Mikan. Pettit. Russell. Chamberlain. Kareem Abdul-Jabbar… to name a few. What do these all-time NBA greats have in common? Multiple MVPs, multiple NBA championships, and… oh yeah, the hook shot.
On Friday night, LeBron James successfully buried a hook shot in a game against the Pacers and was immediately re-posted on ESPN and every social media account. The “likes” were way less than, say, that ridiculous LaMelo Ball 360 three-pointer a day later, but the results were the same (minus 1-point for the 3 vs. the 2 of course).
Still, NBA fans probably looked at that play – which, by the way, was the exact same shot that Magic Johnson hit to win the Lakers the NBA Championship over Kevin McHale in 1987 – and considered it to be LAME. The hook shot has sort of become like the controversial movie superhero Captain Marvel, who – according to comic book movie fans – is a cop-out character and was conveniently upgraded to do impossible things to suddenly make the film storylines flow easier.
So my question is: Why is nobody in the NBA embracing their inner Captain Marvel?
The Unstoppable, Unsexy Shot
Every once in a while, at some LA Fitness pickup game across the country, some awkward goofy big guy pulls out a Sky Hook and buries it, causing the rest of the floor to groan in unison. It doesn’t happen very often anymore, but whenever it does, the entire air is almost sucked out of the gym. Why? Because now everybody on the floor knows that this guy will undoubtedly continue shooting this shot and ultimately give the other team 8-12 points and a W… The thing is, he won’t earn any respect from the other guys.
The reasoning is simple, although flawed: The hook shot has become very unsexy, it is considered boring, and it’s only worth, well, two points. The thing is, more often than not, the guy guarding a hook shooter is going to say, “How am I supposed to stop that?” Which is what this basketball writer is asking every young kid dreaming of a pro basketball career… Why aren’t young players learning that?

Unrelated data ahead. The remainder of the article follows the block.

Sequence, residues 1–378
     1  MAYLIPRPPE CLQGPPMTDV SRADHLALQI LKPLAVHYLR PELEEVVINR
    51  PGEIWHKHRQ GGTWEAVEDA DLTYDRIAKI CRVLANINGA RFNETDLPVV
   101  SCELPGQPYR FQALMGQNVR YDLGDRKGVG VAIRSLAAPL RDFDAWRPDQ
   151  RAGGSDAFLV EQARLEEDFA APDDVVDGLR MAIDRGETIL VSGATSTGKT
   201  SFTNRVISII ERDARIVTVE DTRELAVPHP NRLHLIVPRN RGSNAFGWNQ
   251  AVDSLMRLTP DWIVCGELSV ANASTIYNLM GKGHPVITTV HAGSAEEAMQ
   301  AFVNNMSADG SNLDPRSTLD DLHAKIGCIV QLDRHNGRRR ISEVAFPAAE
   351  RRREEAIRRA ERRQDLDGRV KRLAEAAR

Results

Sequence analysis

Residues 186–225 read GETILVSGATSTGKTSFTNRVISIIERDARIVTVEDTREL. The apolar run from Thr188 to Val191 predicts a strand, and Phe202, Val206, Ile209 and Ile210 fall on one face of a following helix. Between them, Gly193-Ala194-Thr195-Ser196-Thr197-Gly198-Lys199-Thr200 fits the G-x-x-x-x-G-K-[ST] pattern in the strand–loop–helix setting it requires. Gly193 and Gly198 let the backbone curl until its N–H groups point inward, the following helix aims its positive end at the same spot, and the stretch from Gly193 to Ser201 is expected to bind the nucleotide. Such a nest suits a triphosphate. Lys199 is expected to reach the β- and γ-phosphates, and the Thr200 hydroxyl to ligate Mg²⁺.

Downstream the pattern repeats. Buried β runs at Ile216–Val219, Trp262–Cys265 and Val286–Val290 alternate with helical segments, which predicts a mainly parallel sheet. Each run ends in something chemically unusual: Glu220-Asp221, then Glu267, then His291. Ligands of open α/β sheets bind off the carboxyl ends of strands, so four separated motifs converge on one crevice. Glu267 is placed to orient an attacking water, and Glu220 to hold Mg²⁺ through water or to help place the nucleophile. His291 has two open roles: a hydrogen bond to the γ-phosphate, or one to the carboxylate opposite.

Where Did the Hook Shot Go?
LeBron is fully capable of playing another 5-8 years, especially if he adds a true hook shot to his repertoire. The way Michael Jordan’s outside shooting made him so incredible towards the end of his career, a decent hook shot could easily extend LeBron’s if his body ever starts to break down. As far as lesser post players in the NBA, if big guys like DeAndre Ayton, Rudy Gobert, and James Wiseman added Kareem-like Sky Hooks in their game? They’d be borderline 25 PPG players. The closest I’ve seen to the hook shot in the NBA right now belongs to Nikola Jokić, who smartly works on his baby hook before games all the time and has hit some GORGEOUS hooks, but Jokić’s hooks are basically “Baby jump hooks.”
Do yourself a favor and go watch the 1988 Crush Soda basketball videos hosted by Kareem where he virtually calls the hook shot out of style, but “unguardable.”
I’m sorry. “Unguardable” is never out of style. It’s just an old school move that has been forgotten to time – but is dying for a miraculous comeback.
Form, Footwork, and Finesse
Kareem stresses three things in learning your hook shot in the video – form, footwork, and finesse. It’s a master class in the hook shot… and seemingly one that nobody in the next generation of basketball players ever watched. We all know why. Michael Jordan. Dunks. High flyers… and the three-pointer all but eliminating the dominant post player in the NBA. For me this all changed when Dirk Nowitzki showed up at 7 feet and started draining 30-footers. The game was extended, Steph Curry perfected it, and now if you can’t hit a three in the NBA, your career won’t last too long.